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Friday, October 08, 2004


Withdraw the troops? An addition

Some have argued that withdrawing the troops would end with the Iraqis slaughtering each other. Huw Williams pointed out that this was a standard claim of pro-imperialists/colonialists throughout the past two centuries. But let us say that this claim is true. Whether or not the US and UK withdraw is then a question firstly of whether the troops bring more misery and death than would follow in the wake of their departure, and secondly of whether, under the troops or under withdrawal, we will see a stabilisation of Iraq and what form this will take.

On the first point, the troops bring death and misery both directly, by their own hands, and indirectly, by acting as a focal point of resentful violence from Iraqis. However, with Tony Blair declaring Iraq a ‘crucible in the War on Terror’ and with many members of the Bush administration arguing that the War in Iraq was necessary in order to fight terrorists outside American soil. As it seems that there was very little connection between Al-Qaeda and Iraq prior to the invasion, it is perfectly reasonable to argue that Iraqi lives are being sacrificed to protect what is probably a far smaller number of American lives. Iraq, I suggest, has been deliberately turned into a battlefield where terrorists can be engaged and killed without exposing Western civilians to any great danger. This places the ‘collateral damage’in Falluja and Samarra into a distasteful perspective.

The withdrawal of the troops would therefore remove both the direct and indirect misery and death visited upon the Iraqis. But would this not be replaced by terror and tyranny from the foreign fighters that are at the centre of attacks on US and UK troops? Huw Williams pointed out that Fulluja is a city the size of Cardiff, and it is difficult to imagine that it is the actions of a handful of foreign fighters, hated by Iraqis, that make these cities no-go-zones for occupation troops. This incredible idea is further refuted by the fact that many Iraqi men are armed, enabling them to prevent foreign fighters from hiding amongst them if they so chose. Of course, that statement presumes that the foreign fighters are the ones responsible for the attacks on the troops.

Talk using the term ‘foreign fighters’, or describing the situation as being; ‘foreign elements attempting to influence the future of Iraq’ always amuse me. Especially when the speaker is a US Army media liaison.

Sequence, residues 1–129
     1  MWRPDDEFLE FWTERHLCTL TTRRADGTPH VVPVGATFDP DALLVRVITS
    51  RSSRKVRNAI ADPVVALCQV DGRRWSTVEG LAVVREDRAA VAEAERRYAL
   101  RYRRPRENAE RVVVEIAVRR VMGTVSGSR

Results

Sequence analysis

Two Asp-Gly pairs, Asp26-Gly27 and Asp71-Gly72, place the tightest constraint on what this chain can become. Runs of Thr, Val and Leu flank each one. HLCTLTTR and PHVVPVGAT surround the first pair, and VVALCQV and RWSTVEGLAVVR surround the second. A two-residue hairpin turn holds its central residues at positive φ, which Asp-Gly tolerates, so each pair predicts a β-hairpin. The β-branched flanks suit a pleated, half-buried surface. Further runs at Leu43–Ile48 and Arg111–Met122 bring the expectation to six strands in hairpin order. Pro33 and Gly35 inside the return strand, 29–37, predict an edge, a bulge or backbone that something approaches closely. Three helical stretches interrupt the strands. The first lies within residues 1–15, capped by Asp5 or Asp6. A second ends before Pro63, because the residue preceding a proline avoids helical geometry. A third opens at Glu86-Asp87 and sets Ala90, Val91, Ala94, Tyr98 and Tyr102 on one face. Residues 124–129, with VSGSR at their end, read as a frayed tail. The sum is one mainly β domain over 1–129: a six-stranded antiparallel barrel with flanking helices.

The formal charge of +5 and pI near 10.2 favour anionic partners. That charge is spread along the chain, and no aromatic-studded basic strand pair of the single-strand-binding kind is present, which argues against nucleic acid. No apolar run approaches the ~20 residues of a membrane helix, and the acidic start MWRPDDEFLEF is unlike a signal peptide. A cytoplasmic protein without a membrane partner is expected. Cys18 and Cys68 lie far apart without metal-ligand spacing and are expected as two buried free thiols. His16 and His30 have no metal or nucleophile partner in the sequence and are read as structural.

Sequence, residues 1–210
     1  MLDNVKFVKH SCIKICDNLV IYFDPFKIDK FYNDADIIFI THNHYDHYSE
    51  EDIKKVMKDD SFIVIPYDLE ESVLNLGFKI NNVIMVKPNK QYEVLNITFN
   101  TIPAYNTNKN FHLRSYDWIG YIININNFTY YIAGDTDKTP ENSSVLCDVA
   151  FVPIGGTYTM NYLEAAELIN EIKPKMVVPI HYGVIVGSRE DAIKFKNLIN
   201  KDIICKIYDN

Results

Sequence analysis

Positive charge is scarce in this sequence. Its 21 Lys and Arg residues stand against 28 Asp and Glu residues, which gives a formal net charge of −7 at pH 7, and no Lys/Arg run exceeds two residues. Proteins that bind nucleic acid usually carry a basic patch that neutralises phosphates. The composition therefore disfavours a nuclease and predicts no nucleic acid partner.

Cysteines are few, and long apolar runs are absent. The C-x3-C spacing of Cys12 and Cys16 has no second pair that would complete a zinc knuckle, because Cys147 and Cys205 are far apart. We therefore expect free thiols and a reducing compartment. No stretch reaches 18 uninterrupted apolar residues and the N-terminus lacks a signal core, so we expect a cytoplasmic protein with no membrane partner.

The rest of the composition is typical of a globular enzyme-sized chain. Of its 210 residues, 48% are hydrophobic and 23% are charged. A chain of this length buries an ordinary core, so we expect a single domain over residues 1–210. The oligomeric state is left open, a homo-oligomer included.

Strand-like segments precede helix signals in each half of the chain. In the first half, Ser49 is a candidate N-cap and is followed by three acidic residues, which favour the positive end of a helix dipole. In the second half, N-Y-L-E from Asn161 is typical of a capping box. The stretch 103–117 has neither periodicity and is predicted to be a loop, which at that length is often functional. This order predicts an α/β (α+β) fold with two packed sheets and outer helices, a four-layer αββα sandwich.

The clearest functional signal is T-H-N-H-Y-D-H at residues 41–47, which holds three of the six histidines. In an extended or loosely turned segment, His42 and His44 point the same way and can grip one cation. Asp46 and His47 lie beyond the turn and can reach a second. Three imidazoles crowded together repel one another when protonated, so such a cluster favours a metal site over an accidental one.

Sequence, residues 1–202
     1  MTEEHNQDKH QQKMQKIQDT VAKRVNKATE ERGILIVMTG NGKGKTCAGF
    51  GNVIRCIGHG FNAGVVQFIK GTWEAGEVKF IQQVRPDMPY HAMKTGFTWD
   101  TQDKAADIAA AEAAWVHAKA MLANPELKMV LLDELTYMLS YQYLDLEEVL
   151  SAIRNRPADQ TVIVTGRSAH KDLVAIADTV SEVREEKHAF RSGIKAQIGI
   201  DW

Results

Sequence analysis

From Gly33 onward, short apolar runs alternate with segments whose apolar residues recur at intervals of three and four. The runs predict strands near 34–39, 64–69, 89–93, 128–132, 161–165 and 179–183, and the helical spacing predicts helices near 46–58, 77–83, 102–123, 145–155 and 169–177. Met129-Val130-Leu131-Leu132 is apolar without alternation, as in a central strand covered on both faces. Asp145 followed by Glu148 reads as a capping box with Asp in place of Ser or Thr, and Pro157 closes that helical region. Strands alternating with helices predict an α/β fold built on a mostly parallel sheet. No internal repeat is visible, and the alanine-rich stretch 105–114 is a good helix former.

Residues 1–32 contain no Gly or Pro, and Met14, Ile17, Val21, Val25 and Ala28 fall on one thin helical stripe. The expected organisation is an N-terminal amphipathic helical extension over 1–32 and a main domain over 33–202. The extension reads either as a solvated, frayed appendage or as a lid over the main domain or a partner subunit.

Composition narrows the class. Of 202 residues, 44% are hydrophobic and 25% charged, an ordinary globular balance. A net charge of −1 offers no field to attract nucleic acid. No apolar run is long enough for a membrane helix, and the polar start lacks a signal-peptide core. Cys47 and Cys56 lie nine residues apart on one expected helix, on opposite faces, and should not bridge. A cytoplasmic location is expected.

Some people argue that an Iraq without occupying troops would fragment into Kurd, Sunni and Shi’a nations, a process that would involve civil war and ethnic cleansing. The second argument for withdrawal is a question of stabilisation and the emergence of a new, free Iraq. Can we see the emergence of a free Iraq under occupation? Considering the ‘fragmentation and civil war’ point we must point out that Iraq was held together by Saddam by virtue of his repression. What strategy do John Negroponte and Iyad Allawi have in mind to keep Iraq a single nation? Looking at their records I would suggest repression. Has America once again swapped a ‘son of a bitch’ for ‘our son of a bitch’? If that is the case then I suggest the only moral position that can be taken by a supporter of the war is to support the resistance. Unless, of course, they follow a doctrine of American exceptionalism. This might be rational, if distasteful, for an American to hold, but as American exceptionalism is a threat to every non-(or is that un-)American on the planet I cannot cleave to it.

In short, Iraqis die now with occupation troops present, and will die with occupation troops gone. There is no end in sight to the occupation, the occupation seems to actively frustrate its stated goals, and as long as it exists the misery will continue. The presence of ‘foreign fighters’ in Iraq is encouraged by the presence of the occupation troops, and forces Iraqis into bed with groups of people whose ideologies we would hope to contain rather than spread. If the occupying forces left Iraq then the Iraqi people would be able to reject the ‘assistance’ of these ‘foreign fighters’. Given the US placemen currently in position, the only outcome that brings about a stabilised Iraq is one of repression. The only principled position to take against this is to oppose the path that America has in mind for Iraq, not decades later after the violence and terror has served its US purpose, as the American right argue is principled, but now, before and as it happens. And in a democracy that runs on sound-bites, where there is no access for dissenting voices to present complex views and detailed argument, the slogan may have to be ‘withdraw the troops’.

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